He is (not) alive! Google Row reveals AI issues – Science

SAN FRANCISCO: An internal battle over whether Google built technology with a human conscience has spilled out into the open, exposing the ambitions and risks inherent in artificial intelligence that may seem too real.

The Silicon Valley giant last week suspended one of its engineers who argued that the company’s AI system, LaMDA, seemed “sensitive”, a claim that Google officially disagrees with.

Several experts told AFP they were also highly skeptical of the assertion of conscience, but said human nature and ambition could easily lead to confusion.

“The problem is…when we come across strings of words that belong to the languages ​​we speak, we give them meaning,” said University of Washington linguistics professor Emily M. Bender.

“We do the work of imagining a spirit that is not there,” she added.

LaMDA is an extremely powerful system that uses advanced models and training on over 1.5 trillion words to be able to mimic the way people communicate in written discussions.

The system was built on a model that observes the relationship between words and then predicts which words it thinks will come next in a sentence or paragraph, according to Google’s explanation.

“It’s still at some level about pattern matching,” said Shashank Srivastava, an assistant professor of computer science at the University of North Carolina at Chapel Hill.

“Of course, you can find bits of what would seem like really meaningful conversation, very creative text that they could generate. But it escalates quickly in many cases,” he added.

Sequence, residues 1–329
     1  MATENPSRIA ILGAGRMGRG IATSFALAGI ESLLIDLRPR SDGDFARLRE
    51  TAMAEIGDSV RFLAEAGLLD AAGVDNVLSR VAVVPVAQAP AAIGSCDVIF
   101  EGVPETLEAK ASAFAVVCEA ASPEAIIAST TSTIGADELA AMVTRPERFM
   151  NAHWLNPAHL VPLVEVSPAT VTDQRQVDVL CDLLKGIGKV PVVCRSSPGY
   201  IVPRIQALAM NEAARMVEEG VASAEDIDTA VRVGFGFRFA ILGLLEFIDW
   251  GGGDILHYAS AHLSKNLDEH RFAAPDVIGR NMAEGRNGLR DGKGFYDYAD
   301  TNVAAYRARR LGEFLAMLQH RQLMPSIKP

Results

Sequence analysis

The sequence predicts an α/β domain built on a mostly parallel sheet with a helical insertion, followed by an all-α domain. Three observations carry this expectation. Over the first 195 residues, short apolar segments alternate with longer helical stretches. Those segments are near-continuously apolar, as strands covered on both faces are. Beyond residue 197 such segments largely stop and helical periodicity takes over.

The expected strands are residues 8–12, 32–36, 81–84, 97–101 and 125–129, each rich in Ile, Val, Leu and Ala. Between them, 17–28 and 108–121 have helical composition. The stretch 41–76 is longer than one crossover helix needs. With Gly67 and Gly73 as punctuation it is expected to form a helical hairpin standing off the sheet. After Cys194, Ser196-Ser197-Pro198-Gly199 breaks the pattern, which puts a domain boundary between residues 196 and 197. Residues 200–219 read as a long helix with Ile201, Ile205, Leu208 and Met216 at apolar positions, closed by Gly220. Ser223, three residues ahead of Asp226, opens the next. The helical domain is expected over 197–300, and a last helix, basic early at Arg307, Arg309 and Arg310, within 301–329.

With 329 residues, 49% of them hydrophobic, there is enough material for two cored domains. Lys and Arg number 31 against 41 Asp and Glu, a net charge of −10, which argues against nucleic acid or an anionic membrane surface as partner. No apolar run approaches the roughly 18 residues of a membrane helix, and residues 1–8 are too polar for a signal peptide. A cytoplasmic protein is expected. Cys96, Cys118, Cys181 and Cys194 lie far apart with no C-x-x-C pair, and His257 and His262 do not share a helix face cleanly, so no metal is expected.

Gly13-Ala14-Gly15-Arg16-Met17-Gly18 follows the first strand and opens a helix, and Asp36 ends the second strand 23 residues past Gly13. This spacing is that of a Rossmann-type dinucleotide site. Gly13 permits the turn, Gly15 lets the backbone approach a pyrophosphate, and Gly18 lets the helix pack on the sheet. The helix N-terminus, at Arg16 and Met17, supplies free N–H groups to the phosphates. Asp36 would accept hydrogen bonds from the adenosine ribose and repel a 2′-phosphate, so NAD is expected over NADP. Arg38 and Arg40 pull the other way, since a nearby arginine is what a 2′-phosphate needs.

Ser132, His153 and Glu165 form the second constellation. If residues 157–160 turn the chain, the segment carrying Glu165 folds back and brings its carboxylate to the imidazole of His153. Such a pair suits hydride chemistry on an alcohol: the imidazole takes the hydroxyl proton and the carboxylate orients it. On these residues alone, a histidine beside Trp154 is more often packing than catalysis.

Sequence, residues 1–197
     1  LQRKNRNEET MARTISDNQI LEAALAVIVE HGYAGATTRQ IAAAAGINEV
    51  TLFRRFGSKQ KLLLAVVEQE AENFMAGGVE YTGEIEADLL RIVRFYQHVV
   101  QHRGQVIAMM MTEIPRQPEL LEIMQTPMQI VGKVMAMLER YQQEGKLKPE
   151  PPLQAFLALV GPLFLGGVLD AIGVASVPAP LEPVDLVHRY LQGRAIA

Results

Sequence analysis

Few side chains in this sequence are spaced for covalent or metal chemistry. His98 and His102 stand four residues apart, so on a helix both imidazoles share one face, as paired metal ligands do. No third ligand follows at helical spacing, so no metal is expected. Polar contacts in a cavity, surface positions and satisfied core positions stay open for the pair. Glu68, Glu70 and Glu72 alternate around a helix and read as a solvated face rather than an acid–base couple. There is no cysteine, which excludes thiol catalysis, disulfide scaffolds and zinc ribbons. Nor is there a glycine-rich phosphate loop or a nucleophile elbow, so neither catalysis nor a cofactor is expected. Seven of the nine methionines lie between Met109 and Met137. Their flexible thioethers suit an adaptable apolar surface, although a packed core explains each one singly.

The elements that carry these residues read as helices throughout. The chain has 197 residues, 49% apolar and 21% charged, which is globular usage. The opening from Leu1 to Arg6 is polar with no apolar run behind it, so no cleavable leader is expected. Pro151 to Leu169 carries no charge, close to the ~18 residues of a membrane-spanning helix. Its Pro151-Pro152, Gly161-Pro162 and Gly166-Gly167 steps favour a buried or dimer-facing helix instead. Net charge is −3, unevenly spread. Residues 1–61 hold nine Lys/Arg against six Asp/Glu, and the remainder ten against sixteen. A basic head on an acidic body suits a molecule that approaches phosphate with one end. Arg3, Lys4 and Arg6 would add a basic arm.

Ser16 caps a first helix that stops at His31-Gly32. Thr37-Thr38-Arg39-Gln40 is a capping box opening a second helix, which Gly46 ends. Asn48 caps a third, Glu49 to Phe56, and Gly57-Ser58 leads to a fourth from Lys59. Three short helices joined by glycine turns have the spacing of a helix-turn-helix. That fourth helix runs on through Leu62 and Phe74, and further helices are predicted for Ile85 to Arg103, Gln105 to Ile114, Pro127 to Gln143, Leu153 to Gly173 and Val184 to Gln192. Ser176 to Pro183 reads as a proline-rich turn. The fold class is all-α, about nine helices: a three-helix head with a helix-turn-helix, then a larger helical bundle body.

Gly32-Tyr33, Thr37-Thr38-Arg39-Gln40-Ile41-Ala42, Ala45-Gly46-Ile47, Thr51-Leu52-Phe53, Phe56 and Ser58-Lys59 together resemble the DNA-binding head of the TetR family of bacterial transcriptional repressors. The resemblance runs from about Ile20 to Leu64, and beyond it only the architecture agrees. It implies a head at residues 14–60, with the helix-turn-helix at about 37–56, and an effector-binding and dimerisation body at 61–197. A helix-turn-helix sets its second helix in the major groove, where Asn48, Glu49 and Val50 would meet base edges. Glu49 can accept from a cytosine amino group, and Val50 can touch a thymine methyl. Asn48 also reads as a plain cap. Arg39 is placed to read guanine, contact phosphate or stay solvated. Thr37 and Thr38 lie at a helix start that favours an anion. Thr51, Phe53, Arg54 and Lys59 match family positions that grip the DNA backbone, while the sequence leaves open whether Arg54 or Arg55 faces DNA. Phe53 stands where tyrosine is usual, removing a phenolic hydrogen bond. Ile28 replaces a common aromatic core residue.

Yet the attribution of consciousness becomes tricky.

This has often involved benchmarks like the Turing test, which a machine is considered to have passed if a human has a written conversation with one, but cannot say it.

“It’s actually a pretty easy test for any AI in our vintage here in 2022 to pass,” said University of Toronto philosophy professor Mark Kingwell.

“A more difficult test is a contextual test, the kind of thing that current systems seem to be tripping up by, common sense knowledge or background ideas – the kind of thing that algorithms struggle with,” a- he added.

“No easy answers”

AI remains a hot topic inside and outside of the tech world, which can cause amazement but also a little discomfort.

Google, in a statement, was quick and firm in downplaying whether LaMDA is self-aware.

“These systems mimic the types of exchanges found in millions of sentences and can riff on any fantastic topic,” the company said.

“Hundreds of researchers and engineers have conversed with LaMDA and we don’t know if anyone else is making…wide-ranging claims or anthropomorphizing LaMDA,” he added.

At least some experts viewed Google’s response as an effort to end the conversation on an important topic.

“I think public discussion of the issue is extremely important, because public understanding of how vexing the issue is is critical,” said academic Susan Schneider.

“There are no easy answers to questions of consciousness in machines,” added the founding director of Florida Atlantic University’s Center for the Future of the Mind.

The lack of skepticism on the part of those working on the subject is also possible at a time when people are “swimming in a tremendous amount of AI hype”, as linguistics professor Bender put it.

“And a lot, a lot of money is spent on that. So the people working there have this very strong signal that they’re doing something important and real,” so they don’t necessarily “maintain appropriate skepticism,” she added.

In recent years, AI has also suffered from bad decisions — Bender cited research that found a language model could pick up on racist and anti-immigrant bias by training on the internet.

Kingwell, a professor at the University of Toronto, said the issue of AI sensitivity is part of the “Brave New World” and part of “1984,” two dystopian works that tackle issues such as technology and human freedom.

“I think for a lot of people they don’t really know which way to turn, and so the anxiety,” he added.